In 2004, the National Collegiate Athletic Association (NCAA) adopted legislation that it hoped would help increase the graduation rates of student athletes. The Academic Progress Rating (APR), was designed to hold each individual athletic program accountable for keeping student athletes eligible and at the institution until the student athlete graduates. With this reform the NCAA attached land mark discipline measures for non compliance of the APR standards. The purpose of this study was to examine the impact that the APR has had on NCAA college football programs. Specifically, this study focused on assessing coaches and directors of football operations' (DFOs) responses to questions regarding the issues of contention by football coaches and DFOs that lie within the APR legislation and how this legislation has changed their recruiting and retention strategies. The 234 DFOs and coaches that serve in that position at NCAA Division I institutions were chosen as subjects for this study. They were asked to complete a survey containing questions about how the APR has changed their program's recruiting and retention strategy. In addition, they were asked how the APR has affected their program's graduation rate, amount of resources they and their athletic department have dedicated to academics, and the amount of transfers they have coming into and leaving their program, due to the APR. These responses were then analyzed to see if there were any differences among BCS automatic bid conferences and non-BCS automatic bid conferences. The results indicated that there was no significant difference between BCS and non-BCS programs in terms of retention and recruiting strategies due to the APR legislation. However, results did indicate that 45.6% of Division I college football programs changed their recruiting strategy. Of the respondents, 56.3% are slightly less, less, or extremely less likely to recruit prospects that are potential discipline problems. In addition, 64.1% of football programs were slightly less, less, or extremely less likely to recruit academically challenged prospects. While 45.7% of programs said they were slightly less, less or extremely less likely to recruit special admittance prospects. In terms of retention, 48.6% of football programs indicated that they were slightly more, more, or extremely more likely to retain discipline problems due to the APR. When faced with a student athlete that has convicted a misdemeanor, 17.5% of football programs responded they were slightly more likely or more likely to retain the student athlete. Other results from this survey showed that 66% of football programs and 75.7% of athletic departments have increased either money or resources to their academic budgets because of the APR legislation. Responses also implied that 61.1% of football programs were slightly more likely, more, or were extremely more likely to monitor class attendance due to the APR legislation. The results also indicated that 83.5% of football programs feel they have graduated more student athletes since the inception of the APR. Additionally, 28.2% of football programs stated that they have more student athletes transferring out of their program than into the program.'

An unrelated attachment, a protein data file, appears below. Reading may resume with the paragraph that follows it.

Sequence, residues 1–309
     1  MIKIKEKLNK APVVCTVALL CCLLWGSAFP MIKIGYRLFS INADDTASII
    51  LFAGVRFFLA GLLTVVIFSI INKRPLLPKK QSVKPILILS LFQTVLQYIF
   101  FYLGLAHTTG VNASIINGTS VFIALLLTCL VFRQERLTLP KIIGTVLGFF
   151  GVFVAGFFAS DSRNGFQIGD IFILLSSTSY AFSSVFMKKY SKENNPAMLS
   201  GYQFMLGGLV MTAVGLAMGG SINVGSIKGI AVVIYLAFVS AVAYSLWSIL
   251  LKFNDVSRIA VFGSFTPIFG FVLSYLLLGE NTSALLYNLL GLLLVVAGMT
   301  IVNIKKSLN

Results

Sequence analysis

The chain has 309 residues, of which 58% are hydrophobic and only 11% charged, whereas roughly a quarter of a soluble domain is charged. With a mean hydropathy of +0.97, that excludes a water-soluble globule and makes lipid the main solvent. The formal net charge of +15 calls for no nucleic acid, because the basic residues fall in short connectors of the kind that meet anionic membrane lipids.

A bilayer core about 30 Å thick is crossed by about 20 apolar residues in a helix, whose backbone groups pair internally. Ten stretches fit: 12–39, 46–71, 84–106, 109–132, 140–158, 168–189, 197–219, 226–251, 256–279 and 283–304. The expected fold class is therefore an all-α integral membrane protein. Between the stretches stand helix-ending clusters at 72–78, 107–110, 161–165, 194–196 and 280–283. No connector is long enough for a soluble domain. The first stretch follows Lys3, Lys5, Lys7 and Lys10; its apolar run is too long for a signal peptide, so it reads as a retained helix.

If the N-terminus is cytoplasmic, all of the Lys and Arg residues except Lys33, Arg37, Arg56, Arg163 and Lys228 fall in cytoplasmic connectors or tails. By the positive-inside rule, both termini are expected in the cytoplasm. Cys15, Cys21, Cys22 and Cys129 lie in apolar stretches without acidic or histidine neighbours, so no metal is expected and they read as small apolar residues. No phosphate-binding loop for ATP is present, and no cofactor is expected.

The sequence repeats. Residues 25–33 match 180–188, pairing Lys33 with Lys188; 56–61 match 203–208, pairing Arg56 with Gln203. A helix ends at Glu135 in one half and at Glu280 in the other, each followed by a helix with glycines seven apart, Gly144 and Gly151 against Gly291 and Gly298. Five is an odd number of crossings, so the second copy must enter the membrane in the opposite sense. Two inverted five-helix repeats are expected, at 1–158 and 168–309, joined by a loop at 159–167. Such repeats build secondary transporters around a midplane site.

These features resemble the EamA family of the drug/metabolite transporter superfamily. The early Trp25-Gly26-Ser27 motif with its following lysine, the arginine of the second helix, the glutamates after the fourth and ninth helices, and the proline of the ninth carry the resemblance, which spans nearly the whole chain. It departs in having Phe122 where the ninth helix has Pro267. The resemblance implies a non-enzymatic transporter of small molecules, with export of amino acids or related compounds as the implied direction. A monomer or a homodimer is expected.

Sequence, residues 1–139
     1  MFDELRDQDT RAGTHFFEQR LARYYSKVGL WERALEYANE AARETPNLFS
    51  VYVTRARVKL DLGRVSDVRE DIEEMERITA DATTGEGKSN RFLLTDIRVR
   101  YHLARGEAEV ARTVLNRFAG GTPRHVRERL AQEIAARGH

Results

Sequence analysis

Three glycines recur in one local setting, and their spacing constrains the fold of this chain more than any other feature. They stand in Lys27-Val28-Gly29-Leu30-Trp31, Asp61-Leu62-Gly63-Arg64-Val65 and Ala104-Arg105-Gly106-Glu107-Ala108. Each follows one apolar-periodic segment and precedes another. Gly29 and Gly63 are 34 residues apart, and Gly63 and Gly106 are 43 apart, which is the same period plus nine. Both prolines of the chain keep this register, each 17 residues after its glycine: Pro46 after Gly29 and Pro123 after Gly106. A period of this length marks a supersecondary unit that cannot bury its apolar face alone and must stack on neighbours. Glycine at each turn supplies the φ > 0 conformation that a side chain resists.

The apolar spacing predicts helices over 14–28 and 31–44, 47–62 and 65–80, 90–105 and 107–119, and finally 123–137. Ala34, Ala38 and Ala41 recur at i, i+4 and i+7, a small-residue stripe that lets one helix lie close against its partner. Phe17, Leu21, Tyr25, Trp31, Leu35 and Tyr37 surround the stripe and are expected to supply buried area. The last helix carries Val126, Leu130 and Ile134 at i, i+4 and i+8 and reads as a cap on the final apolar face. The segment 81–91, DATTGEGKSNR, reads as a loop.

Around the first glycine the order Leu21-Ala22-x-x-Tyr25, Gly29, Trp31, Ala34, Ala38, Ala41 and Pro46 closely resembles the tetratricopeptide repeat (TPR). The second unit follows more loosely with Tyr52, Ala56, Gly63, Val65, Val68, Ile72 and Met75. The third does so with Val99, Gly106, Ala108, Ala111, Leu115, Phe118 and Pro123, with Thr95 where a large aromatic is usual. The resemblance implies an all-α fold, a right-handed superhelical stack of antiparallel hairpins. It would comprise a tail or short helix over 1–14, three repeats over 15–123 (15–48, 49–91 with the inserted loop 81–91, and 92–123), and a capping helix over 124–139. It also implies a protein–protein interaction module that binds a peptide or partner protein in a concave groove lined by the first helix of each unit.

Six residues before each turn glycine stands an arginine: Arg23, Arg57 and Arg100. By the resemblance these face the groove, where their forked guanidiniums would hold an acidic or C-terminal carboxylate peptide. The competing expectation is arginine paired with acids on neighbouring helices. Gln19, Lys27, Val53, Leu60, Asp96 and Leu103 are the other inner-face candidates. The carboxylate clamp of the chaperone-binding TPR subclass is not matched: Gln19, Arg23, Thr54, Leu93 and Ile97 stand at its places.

National Collegiate Athletic Association. Division I--Rules and practice, College athletes--Recruiting, Football players--Education--United States, Academic achievement, Dropouts--Prevention
Level of Degree
Health, Exercise, and Sports Sciences
First Committee Member (Chair)
Second Committee Member
Third Committee Member
Castle, Joshua. "The Impact of the Academic Progress Rating on the Retention and Recruiting Strategies of NCAA Division I Football Programs." (2010). http://digitalrepository.unm.edu/educ_hess_etds/8